'The Walking Dead' Is Confused About the Syrian Refugee Crisis
In its midseason finale, 'The Walking Dead' mines the ongoing struggle to escape war zones as plot devices.
The Walking Dead is a TV show produced and planned months in advance without awareness to the shape of the political and social climate its episodes will air. And yet, “Start to Finish,” the show’s midseason finale to its current 50-50 spectacular/dreadful sixth season, accidentally remarks without declaration on the refugees seeking safety outside of ISIL-controlled territories.
Borders and identities underline “Start to Finish.” The episode begins with a tower that smashes the wall of Alexandria, allowing hordes of walkers to crookedly strut into the neighborhood. Right after a big explosion they’re here, en masse, and no one alone is powerful enough to stop it. Amidst the chaos, Deanna is struck by a buzzsaw but mistakes the wound for a walker bite. This misinterpreted injury makes her a misinformed time bomb, with everyone — including herself — believing she’ll turn, even though no one has anything to fear to begin with.
But that doesn’t stop the rest of the crew from taking ideas from the narratives that fear mongers like to drum up about immigrants. With the house and street below overrun, Rick digs into his toolbox and takes out his Season 1 masterstroke: covering oneself with zombie innards to mask one’s musk to slip past. This is a common solution to plot, seen in Star Wars to other zombie movies, but the awkward timing of current events frames Rick’s trick away from Hollywood adventures to suspected terrorist strategies, or so the loud, predominantly Conservative narrative would like to believe.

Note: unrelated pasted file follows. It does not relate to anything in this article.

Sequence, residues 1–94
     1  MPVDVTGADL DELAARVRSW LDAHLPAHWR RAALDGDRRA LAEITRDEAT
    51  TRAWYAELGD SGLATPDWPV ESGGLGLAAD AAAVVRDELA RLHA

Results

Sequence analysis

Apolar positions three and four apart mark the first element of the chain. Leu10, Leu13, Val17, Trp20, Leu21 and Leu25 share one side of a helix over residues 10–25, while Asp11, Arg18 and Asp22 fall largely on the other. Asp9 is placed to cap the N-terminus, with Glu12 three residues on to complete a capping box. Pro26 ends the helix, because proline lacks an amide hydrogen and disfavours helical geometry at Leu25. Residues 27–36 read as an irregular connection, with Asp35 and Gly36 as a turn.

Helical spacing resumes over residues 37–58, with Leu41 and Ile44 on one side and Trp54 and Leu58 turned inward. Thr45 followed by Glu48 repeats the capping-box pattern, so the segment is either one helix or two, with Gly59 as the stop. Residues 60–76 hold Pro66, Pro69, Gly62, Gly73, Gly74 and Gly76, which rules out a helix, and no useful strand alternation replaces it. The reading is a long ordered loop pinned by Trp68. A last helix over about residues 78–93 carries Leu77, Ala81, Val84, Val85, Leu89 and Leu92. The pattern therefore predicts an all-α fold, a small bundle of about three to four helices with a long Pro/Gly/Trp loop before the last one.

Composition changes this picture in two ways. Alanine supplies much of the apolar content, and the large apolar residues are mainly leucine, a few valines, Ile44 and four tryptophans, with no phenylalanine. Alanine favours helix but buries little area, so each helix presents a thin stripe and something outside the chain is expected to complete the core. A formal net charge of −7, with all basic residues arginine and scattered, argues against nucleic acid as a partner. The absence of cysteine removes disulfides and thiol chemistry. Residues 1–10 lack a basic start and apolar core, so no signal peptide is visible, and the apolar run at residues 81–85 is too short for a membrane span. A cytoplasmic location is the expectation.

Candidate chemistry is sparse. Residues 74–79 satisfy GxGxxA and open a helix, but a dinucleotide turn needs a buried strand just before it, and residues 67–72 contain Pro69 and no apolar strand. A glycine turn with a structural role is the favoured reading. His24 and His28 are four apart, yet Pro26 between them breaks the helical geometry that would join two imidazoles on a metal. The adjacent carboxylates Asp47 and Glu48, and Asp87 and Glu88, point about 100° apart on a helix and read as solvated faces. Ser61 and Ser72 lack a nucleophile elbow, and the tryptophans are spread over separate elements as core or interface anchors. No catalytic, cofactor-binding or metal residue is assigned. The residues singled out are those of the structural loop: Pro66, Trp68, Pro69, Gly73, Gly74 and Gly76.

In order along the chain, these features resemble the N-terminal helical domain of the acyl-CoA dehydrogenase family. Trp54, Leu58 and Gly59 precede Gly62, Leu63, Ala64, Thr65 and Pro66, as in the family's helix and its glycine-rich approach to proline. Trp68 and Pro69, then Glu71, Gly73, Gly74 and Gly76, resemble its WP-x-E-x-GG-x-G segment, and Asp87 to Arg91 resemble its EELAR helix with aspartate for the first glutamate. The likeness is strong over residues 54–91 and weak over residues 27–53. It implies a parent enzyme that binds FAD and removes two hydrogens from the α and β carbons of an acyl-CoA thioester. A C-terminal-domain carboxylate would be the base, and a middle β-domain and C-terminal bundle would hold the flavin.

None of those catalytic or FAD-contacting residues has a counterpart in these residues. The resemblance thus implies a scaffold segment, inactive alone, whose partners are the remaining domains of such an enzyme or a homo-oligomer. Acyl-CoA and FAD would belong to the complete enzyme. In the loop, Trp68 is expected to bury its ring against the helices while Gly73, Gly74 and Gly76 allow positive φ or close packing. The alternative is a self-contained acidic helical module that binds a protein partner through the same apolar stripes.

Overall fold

Elsewhere, Morgan and Carol fight, quite literally, over Morgan’s pro-life stance as he defends the cannibalistic Wolf kept in a basement. This can be framed in a multitude of perspectives, but the most dominant one that I can’t shake is Morgan in the position of the left, hoping to shelter the lost while Carol embodies the right’s suspicion and extreme prejudice. Of course, this is not to equate the refugees with cannibals, though I think Walking Dead is doing more to angle that by presenting a literal Wolf without sheep’s clothing; back in “Here’s Not Here,” the Wolf promised Morgan he’d kill him (and he kind of lived up to that, except Morgan is only knocked out for the moment).
Does The Walking Dead have a genuine comment on the migrant crisis? If it does, it’s vague, misshapen, and mismatched. Rick’s infiltration tactic could be a terrorist ploy, or it’s actually about being a refugee and struggling to assimilate. The Wolf kept by Morgan could be a terrorist hiding as a refugee, but why would the left-leaning Morgan be a pro-life advocate?
In the end, Walking Dead likely never intended to comment and is perhaps better off without making declarations. The most fascinating aspect of cable’s most-watched series of all time has been its agnostic political agenda, allowing the zombie apocalypse to function as a rorschach test for fans leaning left and right of the political spectrum. But after a rather well-rounded first half of the season, I’d like to believe the show about brain eaters is the one show that actually has a brain and uses it the most.